Find a Need and Fill It – “There is no point in starting your own business unless you do it out of a sense of frustration.” His newsletter hit a segment of the market that no one was providing. His success in music was selling records (first by mail-order and then in his own chain of stores) was being able to sell records at a deeply discounted price and still bring a profit. He signed talented bands that no one else wanted to take a chance on.

Start Small – “A business can be started with very little money.” Sir Richard’s business seed-money came from the proceeds from an unclaimed necklace that his mother found.  His record stores had very little “upper management” as he gave low-level employees responsibility and created a culture of competition for success.

Dream Big – “My interest in life comes from setting myself huge, apparently unachievable challenges and trying to rise above them … from the perspective of wanting to live life to the full, I felt that I had to attempt it.” Who would think that a 21yr old could start a record label? Or an airline that would compete with some of the biggest airlines in the world? How about starting a space tourism company?

Leverage Yourself – “Find somebody else to run your business on a day-to-day basis.” Mr. Branson runs his entire empire from his personal island in the Caribbean. He has been recruiting others to run the business from the very beginning.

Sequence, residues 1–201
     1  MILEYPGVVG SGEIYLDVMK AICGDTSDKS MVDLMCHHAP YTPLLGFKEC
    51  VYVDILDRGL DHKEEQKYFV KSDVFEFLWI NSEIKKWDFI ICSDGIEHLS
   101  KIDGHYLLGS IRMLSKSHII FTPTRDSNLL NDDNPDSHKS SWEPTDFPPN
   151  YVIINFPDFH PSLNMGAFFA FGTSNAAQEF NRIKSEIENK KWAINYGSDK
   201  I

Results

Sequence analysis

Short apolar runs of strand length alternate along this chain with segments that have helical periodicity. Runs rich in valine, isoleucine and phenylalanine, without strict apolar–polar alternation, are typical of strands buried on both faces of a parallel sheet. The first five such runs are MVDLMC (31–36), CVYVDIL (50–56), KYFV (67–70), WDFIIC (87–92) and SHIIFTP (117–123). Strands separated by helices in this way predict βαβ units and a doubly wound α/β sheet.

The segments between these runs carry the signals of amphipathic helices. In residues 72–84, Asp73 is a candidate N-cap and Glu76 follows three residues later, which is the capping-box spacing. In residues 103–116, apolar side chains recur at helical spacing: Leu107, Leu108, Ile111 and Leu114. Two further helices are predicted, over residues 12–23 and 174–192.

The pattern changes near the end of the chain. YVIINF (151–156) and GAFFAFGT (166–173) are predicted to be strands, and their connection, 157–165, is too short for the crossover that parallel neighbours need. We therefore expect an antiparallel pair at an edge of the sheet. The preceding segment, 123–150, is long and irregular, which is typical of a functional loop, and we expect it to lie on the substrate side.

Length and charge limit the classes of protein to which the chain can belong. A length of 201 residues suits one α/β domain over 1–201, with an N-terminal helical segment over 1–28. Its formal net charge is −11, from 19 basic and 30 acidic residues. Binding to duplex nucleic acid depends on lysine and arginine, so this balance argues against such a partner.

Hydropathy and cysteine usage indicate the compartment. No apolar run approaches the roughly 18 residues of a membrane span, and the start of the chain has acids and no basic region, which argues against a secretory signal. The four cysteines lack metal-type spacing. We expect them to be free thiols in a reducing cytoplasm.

Be prepared – “Protect against the worst eventualities. Make sure you know what they are.” What is the absolute worst-case scenario? Do you have the resources to survive it?



Nice Problem to Have

By | Follow-through, Marketing, Strategic Planning, Systems | No Comments

spinning-platesHow many marketing methods do you have spinning right now?

About a year ago, I met with a successful business owner. As we started talking about his marketing, the list of systems he had working for him kept getting longer and longer. He had about 15 methods that all were bringing him highly qualified leads.

While there were some systems he recognized that needed some tweaking or refreshing, he had approached me because his client base was becoming too big and he did not like turning people away that he could help.

Nice problem to have.

So how do you get so many plates spinning at one time?

The short answer is one at a time.

But its not always that easy.

Business leaders are frequently bogged down with too many ideas, unsure of the best place to start with each idea, and often dissatisfied with partially (or poorly) completed projects.

Really, a marketing plan is meant to clarify all these ideas and half-completed projects. You start with creating a schedule of projects that will create several promotion systems to get your target market’s attention, qualify customers, and move them to the sale.  Many of these promotion methods converge into a single sales process called a funnel.

Tis the season to review how your 2013 marketing did and develop your marketing plan for 2014.


To get a jump on the process, I will be holding a Marketing Plan Starter webinar on October 18th at 12:00.

Be part of it and sign up here.

You can also email me with questions at dmitchell(at)